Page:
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The Holocaust, a time to memorialize, debate, debunk or debauch?

Holocaust Remembrance

A time to memorialize, debate, debunk or debauch?

 

Guest Publication by

Dr. Martin Friedhaus

[photos added to enhance the text]

 

[Please note that editorials posted in this section are the sole viewpoints of the individual author and do not necessarily

represent any collective opinion of the Holocaust Education & Archive Research Team, or the University of Northampton]

 

Tourists look at individually-painted dominoes along the former route of the Berlin Wall at the Brandenburg Gate.

World leaders joined German crowds on Monday to celebrate the 20th anniversary of the fall of the Berlin Wall - a stark symbol of the Cold War that divided a city and a continent.

 

Recollections of November 9, 1989 dominated German newspaper headlines at the weekend, and television stations ran program after program of documentary footage, eyewitness accounts and discussion panels about the event that changed the face of Europe.

 

And while thousands of tourists have poured into the capital to mark the event which hastened the reunification of Germany, the collapse of the Iron Curtain and the end of the Soviet Union, many have chosen to overlook another event that changed the face of Germany and Europe that also happened on the 9th of November..

Kristallnacht  or "Night of Broken Glass" 

"Kristallnacht" is a German word that consists of two parts: "Kristall" translates to "crystal" and refers to the look of broken glass and "Nacht" means "night." The accepted English translation is the "Night of Broken Glass."

The most infamous Anti-Semitic Pogrom in recent history occurred on November 9, 1938.  Instigated primarily by Nazi party officials and the SA (Nazi Storm Troopers), the pogrom occurred throughout Germany (including annexed Austria and the Sudetenland region of Czechoslovakia). The name Kristallnacht has its origin in the untold numbers of broken windows of synagogues, Jewish-owned stores, community centers, and homes plundered and destroyed during the pogrom.     Read more about Kristalnact [here]

Shattered windows the day after Kristallnacht

The actions that occurred that night in 1938 culminated in a meeting on the 12th of November, chaired by Hermann Göring  who made the following statement:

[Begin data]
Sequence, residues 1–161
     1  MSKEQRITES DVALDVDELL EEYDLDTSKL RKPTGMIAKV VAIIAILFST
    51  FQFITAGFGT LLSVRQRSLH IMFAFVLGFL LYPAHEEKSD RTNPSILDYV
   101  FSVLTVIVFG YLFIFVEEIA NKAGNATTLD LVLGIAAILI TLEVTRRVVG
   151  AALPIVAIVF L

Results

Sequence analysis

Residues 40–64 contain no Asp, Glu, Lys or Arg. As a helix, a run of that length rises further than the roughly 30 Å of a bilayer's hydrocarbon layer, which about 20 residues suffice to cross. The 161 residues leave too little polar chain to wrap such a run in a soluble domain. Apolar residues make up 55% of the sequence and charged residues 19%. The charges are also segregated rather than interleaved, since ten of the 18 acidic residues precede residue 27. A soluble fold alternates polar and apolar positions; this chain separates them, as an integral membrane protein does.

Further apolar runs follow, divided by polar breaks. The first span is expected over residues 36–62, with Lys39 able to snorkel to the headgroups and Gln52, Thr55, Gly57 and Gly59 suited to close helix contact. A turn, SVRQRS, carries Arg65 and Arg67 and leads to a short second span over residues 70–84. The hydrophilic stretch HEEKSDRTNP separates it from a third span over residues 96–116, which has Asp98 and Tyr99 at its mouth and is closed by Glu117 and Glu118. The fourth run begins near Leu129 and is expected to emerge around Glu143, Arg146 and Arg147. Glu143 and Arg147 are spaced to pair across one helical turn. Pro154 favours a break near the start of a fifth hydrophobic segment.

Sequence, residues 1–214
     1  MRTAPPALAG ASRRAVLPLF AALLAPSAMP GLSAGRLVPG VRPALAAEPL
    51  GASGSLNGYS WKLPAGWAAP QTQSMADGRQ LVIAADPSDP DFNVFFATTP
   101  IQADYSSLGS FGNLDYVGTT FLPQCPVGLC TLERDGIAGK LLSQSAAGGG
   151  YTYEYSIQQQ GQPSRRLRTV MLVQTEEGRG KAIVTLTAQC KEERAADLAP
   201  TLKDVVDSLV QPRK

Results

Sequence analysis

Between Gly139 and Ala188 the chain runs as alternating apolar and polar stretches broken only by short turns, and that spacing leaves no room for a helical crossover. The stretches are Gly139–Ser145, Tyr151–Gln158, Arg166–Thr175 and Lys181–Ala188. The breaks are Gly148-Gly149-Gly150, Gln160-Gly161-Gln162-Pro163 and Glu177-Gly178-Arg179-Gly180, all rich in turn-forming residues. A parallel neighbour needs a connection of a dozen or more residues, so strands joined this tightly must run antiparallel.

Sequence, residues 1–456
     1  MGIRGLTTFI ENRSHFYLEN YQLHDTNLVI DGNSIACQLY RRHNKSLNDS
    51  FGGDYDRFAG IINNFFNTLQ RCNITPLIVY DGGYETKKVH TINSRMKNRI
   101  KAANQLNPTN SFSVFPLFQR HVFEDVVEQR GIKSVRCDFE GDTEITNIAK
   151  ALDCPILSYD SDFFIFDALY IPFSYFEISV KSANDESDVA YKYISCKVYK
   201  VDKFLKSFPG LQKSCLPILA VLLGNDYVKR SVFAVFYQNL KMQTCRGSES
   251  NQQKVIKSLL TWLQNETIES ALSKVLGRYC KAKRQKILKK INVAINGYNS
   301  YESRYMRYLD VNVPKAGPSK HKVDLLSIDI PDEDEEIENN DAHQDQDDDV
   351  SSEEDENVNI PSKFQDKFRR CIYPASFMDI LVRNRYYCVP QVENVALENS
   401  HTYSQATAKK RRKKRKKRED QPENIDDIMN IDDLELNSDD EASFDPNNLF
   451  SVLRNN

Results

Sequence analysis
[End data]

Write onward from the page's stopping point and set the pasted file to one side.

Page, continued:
I have received a letter written on the Fuehrer's orders requesting that the Jewish question be now, once and for all, coordinated and solved one way or another." The path to the “Final Solution” has now been chosen. And, all the bureaucratic mechanisms for its implementation were now in place.

The point of comparison of the events that occurred on November 9th of both 1938 and 1989 is in no way intended to minimize or trivialize the significance of either of these dates on world history...

However many decades later, association with the Kristallnacht anniversary was cited as the main reason against choosing November 9, the day the Berlin Wall came down in 1989, as the new German national holiday; a different day was chosen (October 3, 1990 as the new German reunification day).

NY Times report on Kristallnacht

This is not to say that Kristallnact has been forgotten... In fact all over Europe hundreds of commemoration and protest activities have been organized on November 9 1997, International Day Against Fascism and Anti-Semitism. The biggest demonstration took place in Yugoslavia. Between 1.000 and 3.000 people marched in the streets of Belgrade to protest against the on-going violence against Roma in their country.

In Essen 1.000 anti-fascists marched in protest against fascist violence. In the Netherlands activities took place in 11 cities all over the country in many different ways, but mainly comparing the situation of refugees in 1938 and in 1997.

The European network against nationalism, racism, fascism and in support of migrants and refugees or "UNITED for Intercultural Action" has distributed 20.000 stickers and 5.000 information leaflets explaining the history of "Kristallnacht", the purpose of the commemorations and giving examples of racist practices in Europe. The secretariat has sent out several press releases and numerous lists of activities. International journalists have been referred to specific organizations for more in depth information. The information has been spread widely through the Internet as well.

Read more here: http://www.holocaustresearchproject.org/essays&editorials/memorial-debunk-debate-debauged.html

The Holocaust Education & Archive Research Team
www.HolocaustResearchProject.org

Copright Carmelo Lisciotto H.E.A.R.T 2009

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